- Tough Hard Anodized Body is scratch-resistant and designed to stand up to daily demands
- Swiss Diamond – Diamond or titanium-infused ceramic coating.
- Tefal Thermospot – PTFE and ceramic-coatings.
- ScanPan – Titanium-infused ceramic-coatings.
Is aluminum cookware safe? No, but there’s a hard anodization process that can be used on aluminum to strengthen it and make it a much safer cookware material.
This process changes the molecular structure of aluminum’s surface. So in a way it’s a coating. But it’s not a coating that’s layered on top of a metallic core like any other non-stick coating. When treated with acid and electricity, its molecules change at the pans surface. The result being a better quality, more scratch-resistant and less toxic aluminum for cookware.
Anodized aluminum is safer than non-anodized, and HARD anodized aluminum is better than anodized. However they can all leach aluminum into your food.
If you were to use aluminum, it would be best if it were the hard anodized aluminum. These are more durable and can fend off scratches more successfully compared to regular anodized aluminum pans.
However, they coat the hard anodized aluminum with PTFE or ceramic non-stick coatings, and none of these would be recommended.
Even hard anodized aluminum can leach, so this one is not on any non-toxic cookware lists. But it could be featured in a least toxic cookware list.
Granite & Stoneware
Granite non-stick pans are not made from granite. And the same goes for stone non-stick pans.
Most of them have PTFE coatings (along with PFOA-free marketing). Others may be a ceramic-coated metal.
There’s nothing granite or stone about these other than their separate appearances.
Each is made with a metallic core, and then has particles infused with the non-stick coating to give it the signature “speckled granite” look for example. Stone pans have that same speckled look, but are lighter in tone to resemble real stones.
When used as a pan’s core or as cookware itself, you can find camping gear made with 100% titanium, but any non-stick pan with a titanium core will be coated with a non-stick coating. Considering none of these are safe, anything with titanium will not be good non-stick alternative.
A Condensed Alternative Non-Stick Pans List
- Cast Iron – Once seasoned. You can also buy pre-seasoned.
- Carbon Steel – once seasoned
- Pure Ceramic – Xtrema cookware used to be featured here.
- Enameled Cast Iron – The best of the worst alternatives
- Stainless Steel – 304, 18/0 (if you have a nickel allergy), or 316Ti are great cookware material for everything (if uncoated), but just not very non-stick.
- Aluminum pans (coated or uncoated) – Anodized & Hard Anodized
- Non-stick copper pans – As great as copper is, any copper nonstick pan will be lined with a dubious nonstick coating or liner. Cooking with a 100% unlined copper pan would leach dangerous levels of copper.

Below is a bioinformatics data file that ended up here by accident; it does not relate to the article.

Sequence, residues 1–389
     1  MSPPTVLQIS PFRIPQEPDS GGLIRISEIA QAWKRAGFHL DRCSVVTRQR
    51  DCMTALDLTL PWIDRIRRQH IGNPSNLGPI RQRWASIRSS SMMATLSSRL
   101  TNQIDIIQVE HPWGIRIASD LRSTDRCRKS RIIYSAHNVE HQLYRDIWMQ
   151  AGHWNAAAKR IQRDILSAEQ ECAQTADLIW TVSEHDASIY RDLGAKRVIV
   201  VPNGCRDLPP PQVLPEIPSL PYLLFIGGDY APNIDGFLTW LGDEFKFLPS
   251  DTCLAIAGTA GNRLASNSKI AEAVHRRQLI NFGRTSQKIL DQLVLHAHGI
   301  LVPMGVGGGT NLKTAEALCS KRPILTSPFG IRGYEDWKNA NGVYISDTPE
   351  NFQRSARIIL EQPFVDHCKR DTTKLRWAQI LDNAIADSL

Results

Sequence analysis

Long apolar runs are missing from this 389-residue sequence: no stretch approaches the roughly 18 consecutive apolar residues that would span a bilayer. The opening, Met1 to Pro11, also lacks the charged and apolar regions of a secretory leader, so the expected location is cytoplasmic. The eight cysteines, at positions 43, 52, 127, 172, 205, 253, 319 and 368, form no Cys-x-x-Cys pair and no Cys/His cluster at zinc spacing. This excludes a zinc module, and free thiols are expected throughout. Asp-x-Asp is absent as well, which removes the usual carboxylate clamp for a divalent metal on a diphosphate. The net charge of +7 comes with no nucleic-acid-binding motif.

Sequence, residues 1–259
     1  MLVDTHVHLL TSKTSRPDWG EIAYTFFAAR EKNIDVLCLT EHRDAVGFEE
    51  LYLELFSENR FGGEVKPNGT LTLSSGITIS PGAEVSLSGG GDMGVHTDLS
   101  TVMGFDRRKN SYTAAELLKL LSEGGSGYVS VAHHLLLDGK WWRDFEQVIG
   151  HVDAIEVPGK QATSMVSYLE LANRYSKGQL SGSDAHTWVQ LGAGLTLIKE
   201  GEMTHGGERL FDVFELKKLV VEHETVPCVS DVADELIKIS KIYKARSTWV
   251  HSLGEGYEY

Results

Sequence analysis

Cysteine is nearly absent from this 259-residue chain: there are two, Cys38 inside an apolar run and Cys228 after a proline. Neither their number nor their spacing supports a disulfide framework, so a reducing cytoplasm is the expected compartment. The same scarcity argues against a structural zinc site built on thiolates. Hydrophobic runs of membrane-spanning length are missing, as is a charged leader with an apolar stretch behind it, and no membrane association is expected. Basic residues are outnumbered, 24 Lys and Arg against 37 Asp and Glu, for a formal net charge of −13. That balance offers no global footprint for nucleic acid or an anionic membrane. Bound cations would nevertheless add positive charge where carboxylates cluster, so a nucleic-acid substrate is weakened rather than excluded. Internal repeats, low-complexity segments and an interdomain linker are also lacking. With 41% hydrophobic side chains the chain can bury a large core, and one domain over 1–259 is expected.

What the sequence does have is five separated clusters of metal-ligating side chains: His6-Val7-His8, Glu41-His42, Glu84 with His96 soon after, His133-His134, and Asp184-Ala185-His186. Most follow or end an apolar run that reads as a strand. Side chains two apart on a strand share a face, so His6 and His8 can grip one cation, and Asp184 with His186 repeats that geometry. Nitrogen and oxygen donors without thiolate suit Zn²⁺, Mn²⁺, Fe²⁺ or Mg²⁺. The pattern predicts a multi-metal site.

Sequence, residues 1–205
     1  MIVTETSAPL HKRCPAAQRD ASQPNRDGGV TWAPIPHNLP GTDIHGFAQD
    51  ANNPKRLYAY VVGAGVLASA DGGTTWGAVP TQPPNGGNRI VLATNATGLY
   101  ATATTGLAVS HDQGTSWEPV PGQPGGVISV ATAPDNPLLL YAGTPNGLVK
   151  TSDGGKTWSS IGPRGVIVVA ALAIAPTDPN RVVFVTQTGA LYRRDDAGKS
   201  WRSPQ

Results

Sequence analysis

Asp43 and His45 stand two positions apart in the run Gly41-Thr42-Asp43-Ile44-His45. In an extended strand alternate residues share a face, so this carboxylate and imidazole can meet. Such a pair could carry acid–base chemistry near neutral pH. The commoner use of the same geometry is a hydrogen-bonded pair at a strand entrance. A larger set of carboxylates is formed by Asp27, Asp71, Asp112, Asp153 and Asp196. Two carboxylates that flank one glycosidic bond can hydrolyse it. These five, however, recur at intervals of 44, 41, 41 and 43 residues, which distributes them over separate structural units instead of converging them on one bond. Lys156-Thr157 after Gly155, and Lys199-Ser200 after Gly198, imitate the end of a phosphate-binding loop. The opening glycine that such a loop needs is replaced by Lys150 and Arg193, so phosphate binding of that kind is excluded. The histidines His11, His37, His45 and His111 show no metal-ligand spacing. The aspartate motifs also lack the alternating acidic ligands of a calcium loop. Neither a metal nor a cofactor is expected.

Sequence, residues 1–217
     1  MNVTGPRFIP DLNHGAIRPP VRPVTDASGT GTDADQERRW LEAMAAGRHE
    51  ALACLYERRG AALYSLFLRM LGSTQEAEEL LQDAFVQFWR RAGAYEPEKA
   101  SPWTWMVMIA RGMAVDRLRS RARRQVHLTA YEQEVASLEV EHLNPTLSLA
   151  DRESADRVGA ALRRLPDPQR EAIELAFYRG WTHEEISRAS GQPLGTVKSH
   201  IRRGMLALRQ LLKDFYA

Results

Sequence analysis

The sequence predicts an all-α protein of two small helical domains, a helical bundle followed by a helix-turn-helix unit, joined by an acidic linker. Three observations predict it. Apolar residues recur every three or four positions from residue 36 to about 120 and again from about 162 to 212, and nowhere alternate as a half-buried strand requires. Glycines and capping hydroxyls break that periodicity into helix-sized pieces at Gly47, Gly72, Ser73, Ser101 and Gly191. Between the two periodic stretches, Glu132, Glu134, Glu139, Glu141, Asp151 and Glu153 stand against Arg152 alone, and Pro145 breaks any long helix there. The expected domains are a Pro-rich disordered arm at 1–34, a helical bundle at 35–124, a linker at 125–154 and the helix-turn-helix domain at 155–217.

- Titanium – Pans come coated + used as a coating ingredient
- Ceramic non-stick coatings are popular, but not non-toxic.
- Granite coatings
- Stoneware coatings
- Silicone-based coatings – Silicone is usually used with a ceramic or PTFE coating. It can potentially release trace amounts of aluminum, chromium, copper, iron, nickel and zinc.
- Earthenware – As natural as it sounds, clay and other uncoated cookware can be just as dangerous, depending on the chemical makeup of the earth used to make it.
- Soapstone cookware can contain asbestos
Have You Switched Away From Traditional Non-Stick Pans?
If you decide to make the switch to non toxic cookware, this in itself immediately transforms your home with improved air, food quality, and people!
Finding non stick pan alternatives was a prerogative for our household once we learned about the dangers of non-stick pans. There’s a quote about ignorance being a choice in this age of information. I think that’s unfortunately true. Being willfully ignorant is not a valid excuse when you’re suffering a consequence. And many consequences have been tied to PFAS, aluminum and heavy metal ingestion.
Am I missing any non-stick pan alternatives?
Do you know any non-toxic, pure ceramic non-stick pan out there?
The above list I hope shares all best non-stick pan alternatives available.
After you’ve guarded your family from toxic cookware, your home’s air will now be cleaner.
But there ARE still potentially some other unknown toxins from everyday household items lingering in the air.
From indoor air fresheners to shampoo, there are many other toxins to learn about and eliminate from our lives.
Next up: View our next article on this subject of air quality… air purifying plants.
Last update on 2023-06-07 / Affiliate links / Images from Amazon Product Advertising API